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The Pet Dragon

 

When my nephew was five years old, he had a pet dragon. She followed behind us when we were in the car, and sat on the roof of his house when he was in his bedroom – he could see her sometimes through the skylight. At first, when we were driving home from a restaurant and he was strapped into his car seat and telling me breathlessly about the dragon, I thought she was a he and that he was dangerous. But my nephew made sure to clear that up on our next trip, a state away, where the dragon was still following us – or possibly one of the dragon’s friends, since no self-respecting dragon would take on such a big job alone. Five year olds need a lot of protection. The dragon team, it turned out, when I pressed him for details, traveled by trains specially built for dragon transport. Benjamin, my nephew, was a train freak, so this was not surprising.

Unless you know something I don’t know about a race of dragons visible only to five year olds, we can assume that this was all in his imagination. Even Benjamin believed his story only sometimes. But he was telling me a truth he couldn’t express any other way. He wanted me to know that the world felt like a dangerous place. He wanted me to know that he was lonely, and only an invisible friend the size of a house could possibly relieve his loneliness.

I don’t think I had a pet dragon as a kid, but I did, absolutely, truly, believe that Olivia Newton John could see me from Australia and would come to help me if I needed her.

olivia newton john

Olivia Newton John, always on call.

I used to be afraid that I would create a pet dragon or something like it if I allowed myself to write memoir. I was afraid of remembering things wrong, or being accused of remembering them wrong, and I felt safer in fiction. I’m not as scared anymore, after three and a half years of writing memoir for the blog. I honor the emotion of the moment, no matter how outsized, or how quickly it passes. Just because I don’t feel the same way today, doesn’t mean it wasn’t real and vivid yesterday. I still love the freedom of fiction and the chance to make things make sense in a way they usually fail to do in real life, but I like the subtle joys of memoir too, finding the nuggets of sense in the chaos.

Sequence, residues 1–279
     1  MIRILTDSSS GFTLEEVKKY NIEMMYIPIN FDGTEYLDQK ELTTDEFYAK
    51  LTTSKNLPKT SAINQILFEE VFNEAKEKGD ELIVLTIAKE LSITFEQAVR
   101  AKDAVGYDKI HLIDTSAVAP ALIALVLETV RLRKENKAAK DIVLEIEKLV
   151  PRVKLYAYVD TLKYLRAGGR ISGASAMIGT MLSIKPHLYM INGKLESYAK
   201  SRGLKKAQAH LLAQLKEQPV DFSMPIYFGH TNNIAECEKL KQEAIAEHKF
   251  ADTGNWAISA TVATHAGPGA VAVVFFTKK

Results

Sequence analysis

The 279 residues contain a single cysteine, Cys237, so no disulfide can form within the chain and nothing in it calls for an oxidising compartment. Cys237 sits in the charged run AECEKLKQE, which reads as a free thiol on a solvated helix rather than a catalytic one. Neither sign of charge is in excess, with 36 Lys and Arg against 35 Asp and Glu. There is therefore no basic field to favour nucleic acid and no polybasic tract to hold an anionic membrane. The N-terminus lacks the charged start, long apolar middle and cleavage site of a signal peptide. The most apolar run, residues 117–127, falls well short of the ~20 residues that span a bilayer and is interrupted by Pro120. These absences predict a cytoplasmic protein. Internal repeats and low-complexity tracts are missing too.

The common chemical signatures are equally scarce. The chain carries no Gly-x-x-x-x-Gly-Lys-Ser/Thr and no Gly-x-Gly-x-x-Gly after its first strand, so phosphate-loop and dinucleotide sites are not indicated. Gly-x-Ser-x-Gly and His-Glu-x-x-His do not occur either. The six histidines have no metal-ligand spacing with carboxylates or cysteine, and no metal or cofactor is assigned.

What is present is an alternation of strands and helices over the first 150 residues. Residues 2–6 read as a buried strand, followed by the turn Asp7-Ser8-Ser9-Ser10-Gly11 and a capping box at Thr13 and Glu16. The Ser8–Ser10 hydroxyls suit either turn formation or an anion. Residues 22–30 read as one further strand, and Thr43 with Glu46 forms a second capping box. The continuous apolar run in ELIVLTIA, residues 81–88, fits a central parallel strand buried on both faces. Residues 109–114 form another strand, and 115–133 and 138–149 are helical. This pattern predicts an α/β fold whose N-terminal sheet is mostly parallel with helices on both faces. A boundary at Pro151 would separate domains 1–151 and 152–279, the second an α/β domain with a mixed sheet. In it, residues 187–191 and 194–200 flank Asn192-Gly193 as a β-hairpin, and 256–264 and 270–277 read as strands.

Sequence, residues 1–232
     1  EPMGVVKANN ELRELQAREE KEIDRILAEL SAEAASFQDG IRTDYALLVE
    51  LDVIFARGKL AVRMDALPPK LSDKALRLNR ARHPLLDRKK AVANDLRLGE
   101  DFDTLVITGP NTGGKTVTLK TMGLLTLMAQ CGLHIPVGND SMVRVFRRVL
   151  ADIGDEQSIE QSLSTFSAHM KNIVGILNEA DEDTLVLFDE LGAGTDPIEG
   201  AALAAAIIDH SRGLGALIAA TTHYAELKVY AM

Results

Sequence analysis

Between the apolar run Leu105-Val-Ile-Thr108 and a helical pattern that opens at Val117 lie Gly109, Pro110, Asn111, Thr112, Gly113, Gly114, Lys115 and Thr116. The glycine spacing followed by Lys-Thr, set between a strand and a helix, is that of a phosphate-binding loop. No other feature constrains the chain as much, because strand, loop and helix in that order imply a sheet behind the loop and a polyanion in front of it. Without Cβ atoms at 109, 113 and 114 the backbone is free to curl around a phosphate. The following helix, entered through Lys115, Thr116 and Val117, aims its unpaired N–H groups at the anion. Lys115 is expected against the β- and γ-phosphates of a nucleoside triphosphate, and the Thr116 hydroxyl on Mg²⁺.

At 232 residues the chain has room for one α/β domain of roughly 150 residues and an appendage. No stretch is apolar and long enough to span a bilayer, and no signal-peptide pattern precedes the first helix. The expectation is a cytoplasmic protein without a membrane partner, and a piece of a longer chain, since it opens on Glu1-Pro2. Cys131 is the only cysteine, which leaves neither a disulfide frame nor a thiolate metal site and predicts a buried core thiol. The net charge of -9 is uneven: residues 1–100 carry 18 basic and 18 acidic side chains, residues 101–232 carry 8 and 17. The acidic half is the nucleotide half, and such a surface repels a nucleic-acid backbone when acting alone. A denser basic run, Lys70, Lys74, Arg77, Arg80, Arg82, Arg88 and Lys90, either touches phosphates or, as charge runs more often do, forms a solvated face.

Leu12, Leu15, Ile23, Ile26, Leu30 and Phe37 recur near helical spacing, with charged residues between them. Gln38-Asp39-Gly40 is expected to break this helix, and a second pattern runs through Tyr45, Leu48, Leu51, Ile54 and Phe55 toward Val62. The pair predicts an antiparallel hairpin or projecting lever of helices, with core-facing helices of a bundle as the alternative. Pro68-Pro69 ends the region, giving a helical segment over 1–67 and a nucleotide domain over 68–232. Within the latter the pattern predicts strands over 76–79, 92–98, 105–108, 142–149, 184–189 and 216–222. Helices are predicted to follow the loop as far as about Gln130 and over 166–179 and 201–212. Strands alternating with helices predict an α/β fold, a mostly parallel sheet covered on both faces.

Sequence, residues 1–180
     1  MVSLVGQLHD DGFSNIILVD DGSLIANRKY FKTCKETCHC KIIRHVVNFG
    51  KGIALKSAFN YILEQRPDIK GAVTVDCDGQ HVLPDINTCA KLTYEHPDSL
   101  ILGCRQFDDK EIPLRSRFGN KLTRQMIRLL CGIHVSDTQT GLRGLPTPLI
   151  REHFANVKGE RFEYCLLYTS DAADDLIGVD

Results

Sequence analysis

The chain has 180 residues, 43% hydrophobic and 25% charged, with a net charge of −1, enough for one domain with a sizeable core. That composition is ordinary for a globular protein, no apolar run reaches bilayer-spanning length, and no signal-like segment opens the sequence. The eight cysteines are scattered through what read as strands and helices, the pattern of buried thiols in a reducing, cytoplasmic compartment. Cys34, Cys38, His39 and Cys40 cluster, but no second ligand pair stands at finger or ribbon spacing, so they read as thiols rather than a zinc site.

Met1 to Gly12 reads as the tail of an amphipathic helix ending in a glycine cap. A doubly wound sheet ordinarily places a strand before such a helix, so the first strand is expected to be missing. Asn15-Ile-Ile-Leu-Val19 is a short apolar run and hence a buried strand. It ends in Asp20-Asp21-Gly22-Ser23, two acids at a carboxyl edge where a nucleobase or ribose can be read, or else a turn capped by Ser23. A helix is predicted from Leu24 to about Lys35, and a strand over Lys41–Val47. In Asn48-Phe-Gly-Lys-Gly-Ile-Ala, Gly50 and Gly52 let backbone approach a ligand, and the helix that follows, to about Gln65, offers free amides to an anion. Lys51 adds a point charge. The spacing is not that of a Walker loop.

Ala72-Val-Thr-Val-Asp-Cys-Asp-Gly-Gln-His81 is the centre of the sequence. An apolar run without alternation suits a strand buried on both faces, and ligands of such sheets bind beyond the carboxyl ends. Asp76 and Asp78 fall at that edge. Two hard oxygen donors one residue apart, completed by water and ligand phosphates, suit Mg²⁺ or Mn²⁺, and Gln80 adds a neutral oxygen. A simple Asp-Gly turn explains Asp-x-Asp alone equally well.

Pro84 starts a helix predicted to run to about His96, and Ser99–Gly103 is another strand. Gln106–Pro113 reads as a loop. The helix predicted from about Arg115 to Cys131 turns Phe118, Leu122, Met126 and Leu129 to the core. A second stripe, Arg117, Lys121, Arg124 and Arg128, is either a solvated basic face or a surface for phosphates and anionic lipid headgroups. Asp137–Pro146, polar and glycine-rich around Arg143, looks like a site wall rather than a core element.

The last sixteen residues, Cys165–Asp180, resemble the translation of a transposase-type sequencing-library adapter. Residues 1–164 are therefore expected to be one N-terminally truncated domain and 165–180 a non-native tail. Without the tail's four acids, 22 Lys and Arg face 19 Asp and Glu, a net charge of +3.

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my little nuggets of goodness.

Cricket doesn’t quite make up stories. She doesn’t mean to exaggerate, she’s just a tad melodramatic. A sound in the hall is really the neighbors coming back from dinner, not evil men intending to blow up the building and steal her chicken treats. But Cricket lives in the world as she believes it is, just like we do. She just has fewer resources for checking out if her view of reality is accurate. She believes what she feels.

IMG_0470

“I know how it is and you can’t tell me different.”

I try not to concentrate too hard when I’m writing, so that whatever unconscious truths are in there have a chance to bubble up. I tell myself that I can write whatever I want, so that I can remember things out of order, or make weird connections, or forget words. I can make things make sense in later drafts, and edit out the nonsense words, without killing all of the pet dragons before they’ve been created.

Benjamin, by the way, ended up getting a lizard a few years later on. Maybe when he looks at that little lizard, he imagines his old friend the dragon has come back to stay, or sent emissaries to watch over him. And it helps.

white lizard

Ben’s lizard.

 

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About rachelmankowitz

I am a fiction writer, a writing coach, and an obsessive chronicler of my dogs' lives.

75 responses »

  1. Ben sounds like an imaginative guy. Cool lizard.

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  2. I wish we all could keep the same imagination and creativity of your nephew…or maybe we just don’t see them!

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  3. Are you sure Ben’s lizard isn’t really his dragon come to life?